People Experience Research

San Francisco Office of Early Care & Education is written in black text with it's logo" OECE" to the left. The 'O' is red, 'e' is blue, 'c' is green and 'e' is yellow.

The San Francisco Office of Early Care and Education (OECE) manages over $100 million to help lower-income families get quality childcare. The office was considering to open a contract for making the paper application process digital. Before taking this step, OECE wanted to learn more about families’ experiences trying to get quality childcare. As a people experience researcher in the agency where the office is housed, I led the project and did the research. This included training five OECE teammates to do interviews in multiple languages.

Role: Project Manager and Research Lead

Years: 2016-2017

Challenges: Childcare providers and community organizations had already shared with OECE about the obstacles people had trying to get subsidized childcare. OECE wanted to learn directly from clients to inform a contract. How could I help them by including a diverse group of people’s lived experiences with the application process?

Strategy: I shared my project brief template with the executive director and her team of about 15. They then participated in a facilitation I led to align on the brief’s details. Five of their colleagues joined me to do research in Cantonese, Mandarin, Spanish and English. We did two practice interviews using templates I created. They followed my sampling strategy to recruit clients and I did five of the interviews. We used an informed consent document I created, reviewed it with clients before starting each interview, and paid them for their time. I also asked two community partner organizations, which help people access subsidized childcare, to document every question they received in a week across languages. This was done to compare self-reported (interview) data with behavioral (observational) data.

Screenshot of a presentation with the following text: How Might Our Services Better Meet People Where They Are? Align OECE internal processes (and contracts) to support the critical phases of families’ childcare journey. 
The visual outlines five phases: 
(1) Before Starting Childcare Process. (2) Discovery Phase (Becoming Aware & Finding Childcare). 
(3) Commit Phase (Comparing Providers & Applying). 
(4) Success Phase (Onboarding & Maintaining). 
(5) Next Steps. 
A Discovery Team handles the first two phases. The Commit Team manages the middle phase and a Success Team the last two. These teams are supported by a Management, Data and Tech and Branding/Communications Team. These ideas are based on the work of Jim Kalbach, Figure 3-10, Mapping Experiences, (60:2016)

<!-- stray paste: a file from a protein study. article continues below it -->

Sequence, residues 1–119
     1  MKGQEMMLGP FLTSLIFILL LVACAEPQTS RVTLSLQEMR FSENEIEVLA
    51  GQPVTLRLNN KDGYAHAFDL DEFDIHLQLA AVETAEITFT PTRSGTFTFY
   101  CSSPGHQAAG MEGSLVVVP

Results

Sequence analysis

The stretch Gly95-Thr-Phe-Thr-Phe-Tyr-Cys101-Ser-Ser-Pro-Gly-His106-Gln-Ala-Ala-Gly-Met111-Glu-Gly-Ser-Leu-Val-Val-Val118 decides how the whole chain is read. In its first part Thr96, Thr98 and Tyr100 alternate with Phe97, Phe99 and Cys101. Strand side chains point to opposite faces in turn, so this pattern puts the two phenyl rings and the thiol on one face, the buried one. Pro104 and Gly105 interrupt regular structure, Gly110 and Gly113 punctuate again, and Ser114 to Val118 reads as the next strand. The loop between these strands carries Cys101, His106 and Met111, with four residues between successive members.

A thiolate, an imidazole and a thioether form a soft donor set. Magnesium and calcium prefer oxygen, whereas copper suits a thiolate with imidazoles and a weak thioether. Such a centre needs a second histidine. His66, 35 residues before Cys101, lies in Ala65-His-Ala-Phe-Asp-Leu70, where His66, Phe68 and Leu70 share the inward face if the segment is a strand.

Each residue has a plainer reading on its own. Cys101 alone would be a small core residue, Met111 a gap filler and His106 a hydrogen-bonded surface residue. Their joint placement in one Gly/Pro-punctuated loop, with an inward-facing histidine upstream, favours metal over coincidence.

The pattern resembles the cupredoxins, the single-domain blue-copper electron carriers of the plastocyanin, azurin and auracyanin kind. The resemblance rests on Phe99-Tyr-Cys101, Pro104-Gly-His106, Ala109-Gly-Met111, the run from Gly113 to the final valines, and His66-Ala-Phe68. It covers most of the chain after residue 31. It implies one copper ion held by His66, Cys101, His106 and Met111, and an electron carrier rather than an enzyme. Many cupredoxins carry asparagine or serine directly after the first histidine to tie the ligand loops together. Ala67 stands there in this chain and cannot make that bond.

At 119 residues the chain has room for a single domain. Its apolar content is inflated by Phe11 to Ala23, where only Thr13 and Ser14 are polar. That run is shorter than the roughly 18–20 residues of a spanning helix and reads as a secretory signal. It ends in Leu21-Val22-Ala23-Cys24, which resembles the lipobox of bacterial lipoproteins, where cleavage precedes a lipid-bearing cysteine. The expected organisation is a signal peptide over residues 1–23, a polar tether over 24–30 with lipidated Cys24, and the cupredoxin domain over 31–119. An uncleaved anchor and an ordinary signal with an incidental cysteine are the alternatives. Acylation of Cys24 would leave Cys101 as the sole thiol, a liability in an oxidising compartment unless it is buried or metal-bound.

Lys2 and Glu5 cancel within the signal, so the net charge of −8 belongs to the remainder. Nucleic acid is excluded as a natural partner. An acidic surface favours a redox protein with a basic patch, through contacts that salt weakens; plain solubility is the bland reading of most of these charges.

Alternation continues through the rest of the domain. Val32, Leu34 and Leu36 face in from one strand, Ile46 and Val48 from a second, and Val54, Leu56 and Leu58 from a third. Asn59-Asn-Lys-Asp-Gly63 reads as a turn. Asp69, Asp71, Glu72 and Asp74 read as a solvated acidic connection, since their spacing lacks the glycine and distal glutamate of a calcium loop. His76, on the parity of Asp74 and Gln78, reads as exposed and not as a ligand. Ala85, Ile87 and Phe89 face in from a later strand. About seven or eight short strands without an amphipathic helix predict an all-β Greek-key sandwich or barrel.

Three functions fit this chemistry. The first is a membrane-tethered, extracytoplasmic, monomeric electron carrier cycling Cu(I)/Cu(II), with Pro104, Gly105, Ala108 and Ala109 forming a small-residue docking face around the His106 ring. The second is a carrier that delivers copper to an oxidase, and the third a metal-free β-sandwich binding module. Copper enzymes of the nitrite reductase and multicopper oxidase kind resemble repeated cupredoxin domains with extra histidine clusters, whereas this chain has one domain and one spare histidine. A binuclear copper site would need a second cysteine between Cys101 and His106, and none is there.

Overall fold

Equity Considerations: The research team reflected the clients we interviewed, because they came from similar communities, spoke the clients’ language and could relate to their lived experiences. We held interviews at night with children in the room to accommodate parents and deepen our commitment to diverse representation in the data.

Outputs: (1) Six anonymized profiles of real clients who represented the range of 28 people’s experiences with the application process. (2) A full report of insights, recommendations, and the strategy we took to produce them. (3) A facilitated session for OECE and community partners to interpret the insights and tie them to actionable next steps.

Black and white, fake photo of a client. The photo is of a woman with dark hair and a darker complexion with large hooped earrings. The pseudonym of this real client is "Luz." She is: a 27 years old who received asylum. Mother of 5- & 14-month old. Oldest child is in El Salvador. Completed high school. Has lived in the U.S. for 4 years Experienced discrimination from employers. Interviewed in Spanish. 
Key Quote: I couldn’t pay for childcare so I lost my job staying home with my baby. 
Before Starting Childcare Process: Started thinking about childcare shortly after giving birth in order to return to work. Housing is tough to find so she rents a room. 
Discovery Phase (Becoming Aware & Finding Childcare): Her CalWORKS Employment Specialist referred her to one resource & referral (RR) organization.
Commit Phase (Compare Providers & Apply): RR provided minimal info about provider options. Was on a wait-list for 3 months and never heard back from RR so found unlicensed provider for $30/day. Voucher can’t be used for this provider.
Success Phase + Next Steps (Onboarding & Maintaining): Can no longer pay for childcare so loses job. Is very worried because she only trusts this provider since she’s seen nannies mistreat others’ children. How might OECE help?

Impact: (1) The research gave OECE the confidence to move forward with the digital solution and to remove a wait-list for homeless families. (2) Two childcare community organizations were contracted to provide more hands-on services to all San Franciscans needing help finding quality childcare.